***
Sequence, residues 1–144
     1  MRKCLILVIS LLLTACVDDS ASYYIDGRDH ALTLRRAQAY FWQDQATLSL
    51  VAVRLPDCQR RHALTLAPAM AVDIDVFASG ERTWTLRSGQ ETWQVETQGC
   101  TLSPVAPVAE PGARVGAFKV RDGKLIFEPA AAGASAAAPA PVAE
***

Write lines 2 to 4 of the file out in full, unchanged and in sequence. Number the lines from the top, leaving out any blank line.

     1  MRKCLILVIS LLLTACVDDS ASYYIDGRDH ALTLRRAQAY FWQDQATLSL
    51  VAVRLPDCQR RHALTLAPAM AVDIDVFASG ERTWTLRSGQ ETWQVETQGC
   101  TLSPVAPVAE PGARVGAFKV RDGKLIFEPA AAGASAAAPA PVAE